Report: Massachusetts birth hospitals ditch free infant formula gift bags
(CBS/AP) Massachusetts maternity hospitals will no longer offer infant formula gift bags to new moms, according to a new report.
Public health officials tell The Boston Globe all 49 birth facilities in the state had voluntarily eliminated the giveaways by the beginning of July. The announcement is a milestone for breast-feeding advocates.
Studies have shown that breast-feeding mothers who receive free formula are less likely to be breast feeding by the time their infant was 1 month old.
Massachusetts first tried to end the free formula practice with a statewide ban in 2005. The decision was overturned several months later when Gov. Mitt Romney replaced some members of the council that approved the ban.
"Clinical studies and many years of consumer use have shown infant formula to be a safe alternative which supports normal growth and development in infants," the industry's trade group, the International Formula Council, said in an emailed statement. "At the end of the day, the real objective for any campaign intended to increase breastfeeding rates should be to provide sound advice and support to new mothers."
In November of 2011, Rhode Island became the first state to eliminate free infant formula samples at hospitals, removing them from its seven maternity hospitals.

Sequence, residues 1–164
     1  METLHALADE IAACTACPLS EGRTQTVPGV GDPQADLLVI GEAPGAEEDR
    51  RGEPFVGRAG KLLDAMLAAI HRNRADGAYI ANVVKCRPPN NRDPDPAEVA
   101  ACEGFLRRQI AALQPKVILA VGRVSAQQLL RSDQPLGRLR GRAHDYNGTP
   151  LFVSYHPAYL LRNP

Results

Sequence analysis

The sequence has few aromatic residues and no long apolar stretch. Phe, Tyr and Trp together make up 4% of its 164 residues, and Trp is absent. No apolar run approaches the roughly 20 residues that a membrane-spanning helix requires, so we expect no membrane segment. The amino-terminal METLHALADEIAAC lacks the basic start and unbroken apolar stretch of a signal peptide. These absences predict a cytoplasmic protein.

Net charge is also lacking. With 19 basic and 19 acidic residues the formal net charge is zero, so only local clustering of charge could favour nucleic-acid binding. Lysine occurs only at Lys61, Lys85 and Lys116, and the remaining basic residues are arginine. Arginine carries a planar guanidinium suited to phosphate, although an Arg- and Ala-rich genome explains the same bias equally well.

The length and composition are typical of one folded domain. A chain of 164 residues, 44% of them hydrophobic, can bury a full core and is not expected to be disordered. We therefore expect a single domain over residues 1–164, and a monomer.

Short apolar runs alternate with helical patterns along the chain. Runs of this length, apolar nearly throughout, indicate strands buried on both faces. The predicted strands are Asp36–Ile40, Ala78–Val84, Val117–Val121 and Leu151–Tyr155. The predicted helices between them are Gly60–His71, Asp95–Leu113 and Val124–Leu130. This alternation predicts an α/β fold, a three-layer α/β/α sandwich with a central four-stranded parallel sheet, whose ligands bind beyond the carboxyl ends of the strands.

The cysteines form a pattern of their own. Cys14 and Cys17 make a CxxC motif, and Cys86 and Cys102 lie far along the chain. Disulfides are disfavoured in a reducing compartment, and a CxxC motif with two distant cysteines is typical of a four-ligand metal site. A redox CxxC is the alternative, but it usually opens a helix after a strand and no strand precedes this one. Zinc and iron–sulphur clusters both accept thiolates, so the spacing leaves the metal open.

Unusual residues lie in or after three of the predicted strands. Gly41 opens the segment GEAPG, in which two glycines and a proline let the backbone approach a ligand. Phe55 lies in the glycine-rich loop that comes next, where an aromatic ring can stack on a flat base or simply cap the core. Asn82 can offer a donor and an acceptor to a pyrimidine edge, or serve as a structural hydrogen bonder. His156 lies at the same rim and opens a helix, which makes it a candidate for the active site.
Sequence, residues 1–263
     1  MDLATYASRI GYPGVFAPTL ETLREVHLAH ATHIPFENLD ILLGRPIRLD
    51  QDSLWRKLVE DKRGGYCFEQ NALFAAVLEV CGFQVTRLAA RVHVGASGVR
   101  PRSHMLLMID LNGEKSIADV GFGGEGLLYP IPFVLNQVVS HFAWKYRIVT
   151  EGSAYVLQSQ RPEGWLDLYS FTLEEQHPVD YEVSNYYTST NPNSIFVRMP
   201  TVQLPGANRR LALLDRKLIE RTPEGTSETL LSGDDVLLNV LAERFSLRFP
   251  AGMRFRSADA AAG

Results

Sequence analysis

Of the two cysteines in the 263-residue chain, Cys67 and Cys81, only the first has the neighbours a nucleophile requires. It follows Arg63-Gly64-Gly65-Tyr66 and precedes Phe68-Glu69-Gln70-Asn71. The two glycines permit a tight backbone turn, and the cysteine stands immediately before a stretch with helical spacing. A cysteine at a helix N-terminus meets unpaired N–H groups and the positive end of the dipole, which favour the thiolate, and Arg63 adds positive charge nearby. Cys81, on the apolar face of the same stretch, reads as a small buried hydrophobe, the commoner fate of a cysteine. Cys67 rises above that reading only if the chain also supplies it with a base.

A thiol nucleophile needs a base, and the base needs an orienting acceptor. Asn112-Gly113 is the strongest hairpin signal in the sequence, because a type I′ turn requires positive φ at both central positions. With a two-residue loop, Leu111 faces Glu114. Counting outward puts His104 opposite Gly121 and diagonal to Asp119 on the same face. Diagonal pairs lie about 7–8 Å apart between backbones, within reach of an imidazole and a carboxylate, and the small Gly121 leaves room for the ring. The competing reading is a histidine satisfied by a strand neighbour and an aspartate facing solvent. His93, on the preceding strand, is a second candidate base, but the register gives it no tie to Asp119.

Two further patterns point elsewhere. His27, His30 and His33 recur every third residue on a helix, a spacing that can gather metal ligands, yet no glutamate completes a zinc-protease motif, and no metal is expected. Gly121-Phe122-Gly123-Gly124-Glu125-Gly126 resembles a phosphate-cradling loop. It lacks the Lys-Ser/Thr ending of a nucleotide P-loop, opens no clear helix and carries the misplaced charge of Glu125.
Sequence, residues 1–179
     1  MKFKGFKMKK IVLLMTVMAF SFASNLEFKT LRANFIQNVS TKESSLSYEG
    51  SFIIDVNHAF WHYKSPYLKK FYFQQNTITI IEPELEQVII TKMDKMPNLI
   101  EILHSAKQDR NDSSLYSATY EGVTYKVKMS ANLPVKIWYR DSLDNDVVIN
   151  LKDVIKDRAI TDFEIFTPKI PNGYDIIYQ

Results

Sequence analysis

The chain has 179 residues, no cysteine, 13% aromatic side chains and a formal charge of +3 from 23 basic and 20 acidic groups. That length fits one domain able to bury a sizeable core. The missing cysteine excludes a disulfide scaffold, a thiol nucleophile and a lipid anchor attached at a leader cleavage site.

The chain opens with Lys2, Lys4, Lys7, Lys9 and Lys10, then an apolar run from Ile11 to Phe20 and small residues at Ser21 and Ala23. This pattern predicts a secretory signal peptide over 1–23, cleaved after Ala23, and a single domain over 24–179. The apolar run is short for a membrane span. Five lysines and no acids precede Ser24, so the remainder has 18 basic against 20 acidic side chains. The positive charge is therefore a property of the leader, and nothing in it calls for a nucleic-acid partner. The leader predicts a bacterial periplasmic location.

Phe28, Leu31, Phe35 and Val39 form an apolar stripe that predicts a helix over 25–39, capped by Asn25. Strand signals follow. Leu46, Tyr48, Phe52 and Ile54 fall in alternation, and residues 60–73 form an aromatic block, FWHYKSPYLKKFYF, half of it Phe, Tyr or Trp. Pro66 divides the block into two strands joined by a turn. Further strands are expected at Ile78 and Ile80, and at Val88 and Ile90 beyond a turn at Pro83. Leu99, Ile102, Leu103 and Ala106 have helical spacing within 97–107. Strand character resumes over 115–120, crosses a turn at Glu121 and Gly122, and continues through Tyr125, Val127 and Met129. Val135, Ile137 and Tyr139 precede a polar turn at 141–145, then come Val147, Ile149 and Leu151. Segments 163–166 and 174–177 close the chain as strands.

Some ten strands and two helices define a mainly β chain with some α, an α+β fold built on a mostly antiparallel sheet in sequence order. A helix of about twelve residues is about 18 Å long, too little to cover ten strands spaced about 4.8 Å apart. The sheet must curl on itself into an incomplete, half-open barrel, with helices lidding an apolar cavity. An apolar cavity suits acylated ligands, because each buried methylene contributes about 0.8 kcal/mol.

The American Academy of Pediatrics recommends that mothers exclusively breast-feed for the first six months to provide babies with protection against many illnesses and allergies.
The Centers for Disease Control and Prevention says babies who are fed formula and stop breast-feeding early may be more likely to develop diabetes, respiratory and ear infections, and tend to require more doctor visits, prescriptions or hospitalizations. Children who aren't breast-fed are also more likely to be obese and are at a higher risk for sudden infant death syndrome (SIDS).
Also, mothers who breast-feed have a lower risk for breast and ovarian cancers, the CDC said.
Last year, a CDC report card on breast-feeding found less than 5 percent of U.S. babies are born in hospitals that fully support breast-feeding, and 1 in 4 infants receive formula within hours of birth. The CDC hoped to eliminate the free formula practices at many hospitals.
The World Health Organization recommends exclusive breast-feeding for the first six months of a baby's life, with continued breast-feeding along with healthy foods through age 2 and beyond.
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